Friday, 20 July 2012

Warhol's Olympics

Almost a month ago a work of art was sold at the Phillips auction house in London for a record £6,761,250. It was the highest price ever paid for a joint work by Andy Warhol and Jean-Michel Basquiat called “Olympics” (1984).

Most people think the Olympics is only about sport. When Baron Pierre de Coubertin began the present modern revival of the games he wanted to include competitions for art, architecture, sculpture and music, and it is these “events” and associated artistic lgbt contributions which I’ll concentrate on in 2 posts over the next few weeks. Today we’ll look specifically at the Warhol and the Olympics.

Perhaps Andy Warhol seems an unlikely contender for an Olympic artist but he used the theme of sport before being invited to submit a work for the games. In 1977 the American art collector Richard Weisman asked Warhol to produce a series of paintings based on sport. The result was a series of 10 portraits of great sporting legends of the time, including Muhammad Ali and Pele.

Perhaps prompted by this sporting portrait series the organisers of the Sarajevo Winter Games in 1984 invited Warhol to submit a new work inspired by sport. It would be included is a portfolio of other work by other artists. Warhol used 2 images of a speed skater superimposed one on top of the other, giving the impression of speed.

In late 1983 Warhol was asked by Swiss art dealer Bruno Bischofberger to work with young graffiti artist Jean-Michel Basquiat. Warhol was one of Basquiat’s heroes and his energy brought a fresh source of inspiration to Warhol. Between them they produced several joint works inspired by the Olympics, which were being held in Los Angeles in 1984.

After his death in 1987 Andy Warhol became part of the “Olympic Establishment” when the Olympic Museum in Lausanne staged a retrospective exhibition of his sport-inspired work in 1995.

Another of the Warhol/Basquiat Olympic collaborations is on display in London this month. The Gagosian Gallery is showing the 1985 work “Olympic Rings”.

Tuesday, 17 July 2012

Olympic Countdown

Going into the Beijing games the lgbt media again attempted to list the lgbt Olympians competing in 2008. Their highest estimate was 11, but with some athletes coming out since then the list can now be recorded as 24, of which 13 were making their Olympic debut.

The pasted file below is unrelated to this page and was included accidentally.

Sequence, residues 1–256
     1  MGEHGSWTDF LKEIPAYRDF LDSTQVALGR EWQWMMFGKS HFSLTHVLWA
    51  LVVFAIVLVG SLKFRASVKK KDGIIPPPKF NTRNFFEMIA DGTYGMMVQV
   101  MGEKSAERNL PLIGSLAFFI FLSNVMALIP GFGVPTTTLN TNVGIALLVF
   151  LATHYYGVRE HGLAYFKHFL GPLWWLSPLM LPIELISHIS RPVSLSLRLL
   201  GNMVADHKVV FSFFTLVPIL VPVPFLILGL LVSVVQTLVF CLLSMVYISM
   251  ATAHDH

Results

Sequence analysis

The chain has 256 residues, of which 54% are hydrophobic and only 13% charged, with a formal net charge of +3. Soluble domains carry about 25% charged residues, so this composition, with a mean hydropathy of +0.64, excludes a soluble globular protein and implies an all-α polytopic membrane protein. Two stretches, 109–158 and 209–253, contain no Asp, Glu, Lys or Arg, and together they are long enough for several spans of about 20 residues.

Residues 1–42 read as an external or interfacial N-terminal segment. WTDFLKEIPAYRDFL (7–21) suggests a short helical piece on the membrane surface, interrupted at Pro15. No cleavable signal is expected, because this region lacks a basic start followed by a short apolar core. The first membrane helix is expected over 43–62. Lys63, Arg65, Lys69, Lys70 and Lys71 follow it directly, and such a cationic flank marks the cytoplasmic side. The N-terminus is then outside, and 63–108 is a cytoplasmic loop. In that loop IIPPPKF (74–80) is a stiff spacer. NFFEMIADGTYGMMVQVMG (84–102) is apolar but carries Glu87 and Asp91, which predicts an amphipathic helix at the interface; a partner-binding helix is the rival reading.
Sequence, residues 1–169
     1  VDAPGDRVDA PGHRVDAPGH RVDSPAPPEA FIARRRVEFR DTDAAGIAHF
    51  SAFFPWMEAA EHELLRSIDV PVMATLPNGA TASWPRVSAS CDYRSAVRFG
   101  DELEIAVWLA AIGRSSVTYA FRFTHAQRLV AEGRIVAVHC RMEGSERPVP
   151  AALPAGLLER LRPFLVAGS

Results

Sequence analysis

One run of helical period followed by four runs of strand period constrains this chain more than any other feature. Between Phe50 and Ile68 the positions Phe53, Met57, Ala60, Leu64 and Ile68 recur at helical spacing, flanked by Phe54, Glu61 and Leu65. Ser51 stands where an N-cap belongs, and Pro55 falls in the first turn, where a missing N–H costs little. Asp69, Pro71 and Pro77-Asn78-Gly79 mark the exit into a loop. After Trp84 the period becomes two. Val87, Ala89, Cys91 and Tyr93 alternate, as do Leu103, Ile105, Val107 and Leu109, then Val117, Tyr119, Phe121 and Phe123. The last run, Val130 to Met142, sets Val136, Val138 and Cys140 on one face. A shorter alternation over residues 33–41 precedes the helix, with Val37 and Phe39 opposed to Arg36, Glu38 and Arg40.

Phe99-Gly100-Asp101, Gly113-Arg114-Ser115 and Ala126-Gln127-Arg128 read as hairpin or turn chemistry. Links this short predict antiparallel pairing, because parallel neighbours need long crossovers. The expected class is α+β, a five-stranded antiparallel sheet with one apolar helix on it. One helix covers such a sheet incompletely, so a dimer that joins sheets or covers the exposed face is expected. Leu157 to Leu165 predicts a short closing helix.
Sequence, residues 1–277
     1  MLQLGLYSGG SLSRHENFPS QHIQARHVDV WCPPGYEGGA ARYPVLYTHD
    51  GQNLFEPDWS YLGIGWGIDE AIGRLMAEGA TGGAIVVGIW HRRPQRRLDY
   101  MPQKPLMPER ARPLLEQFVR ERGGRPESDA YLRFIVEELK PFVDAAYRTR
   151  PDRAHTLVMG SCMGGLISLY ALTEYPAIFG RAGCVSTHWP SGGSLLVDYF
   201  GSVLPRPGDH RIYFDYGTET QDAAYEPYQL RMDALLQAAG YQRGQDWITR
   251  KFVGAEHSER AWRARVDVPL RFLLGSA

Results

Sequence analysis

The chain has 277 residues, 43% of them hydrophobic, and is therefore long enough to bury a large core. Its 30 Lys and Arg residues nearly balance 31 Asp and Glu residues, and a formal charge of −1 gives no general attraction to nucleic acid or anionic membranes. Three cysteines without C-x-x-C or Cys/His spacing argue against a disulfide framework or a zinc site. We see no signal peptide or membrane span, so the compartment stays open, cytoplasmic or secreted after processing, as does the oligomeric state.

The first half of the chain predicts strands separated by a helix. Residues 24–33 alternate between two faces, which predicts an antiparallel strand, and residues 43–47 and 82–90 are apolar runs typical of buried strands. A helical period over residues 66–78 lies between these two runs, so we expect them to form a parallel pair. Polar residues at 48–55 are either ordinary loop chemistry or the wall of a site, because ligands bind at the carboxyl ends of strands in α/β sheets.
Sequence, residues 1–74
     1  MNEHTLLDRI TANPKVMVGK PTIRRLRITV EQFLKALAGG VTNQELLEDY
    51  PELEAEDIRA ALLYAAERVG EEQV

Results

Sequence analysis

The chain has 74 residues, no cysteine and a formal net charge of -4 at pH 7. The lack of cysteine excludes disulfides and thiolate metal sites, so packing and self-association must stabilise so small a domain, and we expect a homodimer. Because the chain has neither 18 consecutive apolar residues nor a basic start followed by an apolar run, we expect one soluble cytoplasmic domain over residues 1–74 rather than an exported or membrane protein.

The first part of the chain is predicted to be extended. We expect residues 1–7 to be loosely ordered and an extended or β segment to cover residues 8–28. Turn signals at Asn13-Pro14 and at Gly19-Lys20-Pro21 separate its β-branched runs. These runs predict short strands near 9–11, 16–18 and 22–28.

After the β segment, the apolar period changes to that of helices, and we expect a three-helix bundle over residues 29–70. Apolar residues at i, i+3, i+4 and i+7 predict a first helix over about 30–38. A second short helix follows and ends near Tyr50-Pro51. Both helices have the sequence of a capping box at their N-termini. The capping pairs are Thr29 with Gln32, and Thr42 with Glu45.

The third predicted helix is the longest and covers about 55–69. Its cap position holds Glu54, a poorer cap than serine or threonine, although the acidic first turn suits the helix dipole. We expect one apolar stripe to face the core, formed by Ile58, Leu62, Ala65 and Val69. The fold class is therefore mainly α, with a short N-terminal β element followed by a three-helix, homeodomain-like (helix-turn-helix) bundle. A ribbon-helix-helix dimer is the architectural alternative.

This time around women’s football tops the lgbt athlete list with 7 players. For the 3rd Olympics in a row Germany won the bronze medal. In the team were Linda Bresonik and Nadine Angerer. Nadine missed out on a medal in the previous 2 Olympics because she was the substitute goalkeeper and didn’t actually play in the bronze medal match. But this time she was head goalkeeper and at last received her bronze medal. Unfortunately, Ursula Holl, her substitute, thereby missed out on a bronze.

One player with football in her blood was Isabell Herlovsen, a striker on the Norwegian team. Her father is Olympian and former Norwegian international Kia Erik Herlovsen.

The gold medal was won by the USA. They were coached by Pia Sundhage who had played for Sweden in the 1996 Atlanta games. On the Swedish team in Beijing was Jessica Lindström. Perhaps the most unusual record of any lgbt Olympian has to be held by American football forward Natasha Kai - the record for the most tattoos – over 55 in all!

Handball had 3 lesbian players. In the gold medal-winning Norwegian team were Katja Nyberg and team captain Gro Hammerseng. The pair had been living and working openly as a couple for 3 years and had sought to play for clubs in which they could play alongside each other. Gro had the honour of carrying her national flag in the closing ceremony. Katja was actually Finnish by birth and she became a Norwegian citizen in 2001. The couple have since split up, though they continued to play on the same club until 2011 when Gro retired to have a child.

Alexandra Labracére played handball for France, losing in a first round match to Norway but reached the quarter-finals, where they lost to Russia.

Lee Pearson returned to defend his 3 paralympic equestrian gold medals for Team GB. On 11th September 2008 he became the greatest lgbt Olympian when his total gold medal tally reached 9. Who knows – will he make it 12 in 2012? In the main equestrian arena Hans Peter Minderhoud won a silver medal. The New Zealand couple of Blyth Tait and Paul O’Brien did not compete, but Blyth was the equestrian team manager for the Kiwis in Beijing, and Paul was an Olympic selector.

Winning a gold medal in women’s hockey was Marilyn Agliotti, She returned after an absence of 8 years to play for the Netherlands after playing for her native South Africa in 2000.

In the diving pool were the 2 Australian Matthews – Helm and Mitcham. Mathew Helm was making his 3rd Olympic appearance. He had won a silver and bronze at the 2004 Olympics and 2 golds in the Commonwealth Games in 2006. He was tipped for 2 golds in Beijing. However, rising superstar Matthew Mitcham, who had come 4th in the Commonwealth Games, exceeded most people’s expectations by beating Helm to the gold in the platform competition. Disappointingly, Helm missed any medal.

The remaining medals from Beijing went to Lauren Lappin and Vicky Galindo who won silver with the American softball team. Vicky’s involvement in the Olympics actually goes back to 1996 when, at the age of 12, she took part in the torch relay for the Atlanta games.